This frozen chocolate chip cookie dough shows you how to stash your favorite dough in the freezer so you can bake up as many (or few) cookies as you like when a craving hits.
Frozen Chocolate Chip Cookie Dough
- Quick Glance
- Quick Glance
- 10 M
- 1 H, 10 M
- Makes 36 servings
- For the cookie dough
Shape the cookie dough into balls (sized per the cookie’s recipe instructions) and arrange them on a parchment-lined baking sheet. Shimmy the baking sheet into your freezer and stash it there until the cookie dough is solid, about 1 hour.
Transfer the cookie dough balls to a resealable plastic freezer bag and seal tightly, removing as much excess air as you can manage. Label the bag with that particular cookie recipe’s name as well as the specified oven temperature and baking time. Stash the bag of unbaked, unspeakable loveliness in the freezer for up to 1 month.
When the craving strikes, preheat the oven to the designated temperature and simply arrange as many or as few balls of frozen cookie dough as desired on a parchment-lined baking sheet. Bake according to the original recipe’s instructions, adding 2 to 3 minutes to the baking time to allow for the cookie dough coming straight from the freezer. Originally published May 17, 2015.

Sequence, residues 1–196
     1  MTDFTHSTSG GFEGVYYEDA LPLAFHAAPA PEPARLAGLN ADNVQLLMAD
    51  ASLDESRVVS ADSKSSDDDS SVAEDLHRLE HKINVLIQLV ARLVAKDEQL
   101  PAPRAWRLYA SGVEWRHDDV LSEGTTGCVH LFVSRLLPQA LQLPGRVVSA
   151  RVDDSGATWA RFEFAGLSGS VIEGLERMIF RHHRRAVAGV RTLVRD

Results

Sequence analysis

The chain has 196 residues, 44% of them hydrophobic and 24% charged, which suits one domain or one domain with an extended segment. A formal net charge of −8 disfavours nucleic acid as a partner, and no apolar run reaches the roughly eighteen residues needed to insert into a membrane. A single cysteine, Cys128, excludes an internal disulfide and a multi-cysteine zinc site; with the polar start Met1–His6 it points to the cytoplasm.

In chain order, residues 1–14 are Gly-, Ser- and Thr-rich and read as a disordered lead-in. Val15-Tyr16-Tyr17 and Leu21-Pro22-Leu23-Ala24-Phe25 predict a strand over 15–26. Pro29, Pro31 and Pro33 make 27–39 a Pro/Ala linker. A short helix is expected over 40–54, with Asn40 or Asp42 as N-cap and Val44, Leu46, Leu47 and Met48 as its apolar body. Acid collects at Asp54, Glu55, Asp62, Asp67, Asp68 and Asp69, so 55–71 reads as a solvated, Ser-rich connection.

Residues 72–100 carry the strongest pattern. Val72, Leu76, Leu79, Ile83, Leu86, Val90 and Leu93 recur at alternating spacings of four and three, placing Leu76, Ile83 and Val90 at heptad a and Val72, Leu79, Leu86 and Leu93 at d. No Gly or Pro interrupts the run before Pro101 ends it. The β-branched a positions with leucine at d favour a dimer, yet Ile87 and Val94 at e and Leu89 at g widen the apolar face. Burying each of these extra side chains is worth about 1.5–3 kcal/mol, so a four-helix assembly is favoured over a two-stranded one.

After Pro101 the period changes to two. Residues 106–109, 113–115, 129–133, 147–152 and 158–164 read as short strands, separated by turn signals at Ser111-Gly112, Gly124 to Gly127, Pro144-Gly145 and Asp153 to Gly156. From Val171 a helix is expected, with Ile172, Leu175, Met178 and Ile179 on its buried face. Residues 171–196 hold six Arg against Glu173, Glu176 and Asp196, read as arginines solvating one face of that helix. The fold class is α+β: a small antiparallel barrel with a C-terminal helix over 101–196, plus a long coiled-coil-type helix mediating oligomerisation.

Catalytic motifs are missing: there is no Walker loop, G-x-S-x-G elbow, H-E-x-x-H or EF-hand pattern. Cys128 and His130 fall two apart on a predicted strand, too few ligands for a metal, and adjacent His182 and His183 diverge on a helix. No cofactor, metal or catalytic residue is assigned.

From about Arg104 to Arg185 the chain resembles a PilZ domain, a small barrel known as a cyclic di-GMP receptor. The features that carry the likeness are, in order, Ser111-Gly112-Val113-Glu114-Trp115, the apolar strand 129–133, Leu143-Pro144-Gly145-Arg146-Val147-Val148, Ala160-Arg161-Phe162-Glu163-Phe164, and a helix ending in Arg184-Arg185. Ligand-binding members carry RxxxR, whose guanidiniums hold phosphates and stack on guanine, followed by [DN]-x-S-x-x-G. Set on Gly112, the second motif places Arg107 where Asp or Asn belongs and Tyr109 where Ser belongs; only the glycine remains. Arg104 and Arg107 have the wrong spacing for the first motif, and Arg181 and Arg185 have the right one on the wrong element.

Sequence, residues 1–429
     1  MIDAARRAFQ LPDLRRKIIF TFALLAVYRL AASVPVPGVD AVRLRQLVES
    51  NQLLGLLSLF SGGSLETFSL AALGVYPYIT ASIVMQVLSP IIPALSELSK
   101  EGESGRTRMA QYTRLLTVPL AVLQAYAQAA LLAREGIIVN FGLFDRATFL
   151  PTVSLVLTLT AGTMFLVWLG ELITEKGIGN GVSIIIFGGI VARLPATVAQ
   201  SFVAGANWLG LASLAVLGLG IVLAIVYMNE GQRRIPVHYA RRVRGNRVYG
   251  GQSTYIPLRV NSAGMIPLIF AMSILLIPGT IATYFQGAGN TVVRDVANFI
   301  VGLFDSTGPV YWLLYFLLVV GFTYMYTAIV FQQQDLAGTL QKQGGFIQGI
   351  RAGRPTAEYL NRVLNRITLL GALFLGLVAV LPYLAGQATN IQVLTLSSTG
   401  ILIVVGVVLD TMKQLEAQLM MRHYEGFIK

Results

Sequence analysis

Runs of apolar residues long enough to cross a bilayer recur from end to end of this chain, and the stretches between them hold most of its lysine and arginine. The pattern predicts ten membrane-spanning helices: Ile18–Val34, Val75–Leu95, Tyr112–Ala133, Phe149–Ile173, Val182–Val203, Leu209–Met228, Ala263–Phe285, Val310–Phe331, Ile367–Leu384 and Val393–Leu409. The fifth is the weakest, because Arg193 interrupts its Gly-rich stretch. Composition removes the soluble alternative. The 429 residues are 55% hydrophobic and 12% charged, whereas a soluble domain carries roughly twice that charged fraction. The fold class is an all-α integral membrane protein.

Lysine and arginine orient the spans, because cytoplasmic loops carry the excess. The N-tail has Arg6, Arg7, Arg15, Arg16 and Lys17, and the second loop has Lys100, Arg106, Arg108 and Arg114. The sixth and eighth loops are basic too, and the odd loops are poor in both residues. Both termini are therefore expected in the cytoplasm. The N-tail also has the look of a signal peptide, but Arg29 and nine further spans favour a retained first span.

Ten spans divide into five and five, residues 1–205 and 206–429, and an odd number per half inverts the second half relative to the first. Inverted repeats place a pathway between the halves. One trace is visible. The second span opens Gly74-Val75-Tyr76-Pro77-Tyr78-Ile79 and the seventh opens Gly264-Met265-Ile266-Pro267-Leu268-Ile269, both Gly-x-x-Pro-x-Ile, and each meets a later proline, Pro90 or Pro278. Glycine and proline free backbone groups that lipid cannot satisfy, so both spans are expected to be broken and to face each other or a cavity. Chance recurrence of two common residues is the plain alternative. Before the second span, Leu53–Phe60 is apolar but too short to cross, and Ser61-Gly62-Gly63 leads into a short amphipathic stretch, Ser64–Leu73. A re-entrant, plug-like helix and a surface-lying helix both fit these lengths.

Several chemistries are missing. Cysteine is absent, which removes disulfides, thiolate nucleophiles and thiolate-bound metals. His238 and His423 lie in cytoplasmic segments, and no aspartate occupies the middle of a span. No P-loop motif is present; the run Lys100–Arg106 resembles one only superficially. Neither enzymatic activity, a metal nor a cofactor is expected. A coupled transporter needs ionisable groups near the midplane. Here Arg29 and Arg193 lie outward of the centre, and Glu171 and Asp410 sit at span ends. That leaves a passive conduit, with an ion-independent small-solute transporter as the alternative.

Recipe Testers' Tips
I was a cookie dough fiend in my younger years. Suffice it to say, as soon as my sis was old enough to hold a spoon, I taught her the magic of stirring together a bowl of cookie dough just to stash in the fridge. Between the two of us, it would last maaaaaaaaybe a couple days. Anyways, this frozen cookie dough recipe or strategy or technique or trick or whatever you want to call it is what I would do with whatever dough managed to escape our fearless and scavenging dough-eating ways. It's easy as can be. I confess that not much cookie dough ever made its way to the oven, even after being frozen. (Ever chip a tooth gnawing frozen cookie dough? Been there, done that.) But the dough that did get baked turned out spectacularly—and with immeasurably less effort and time than stirring together an entire batch at the last moment.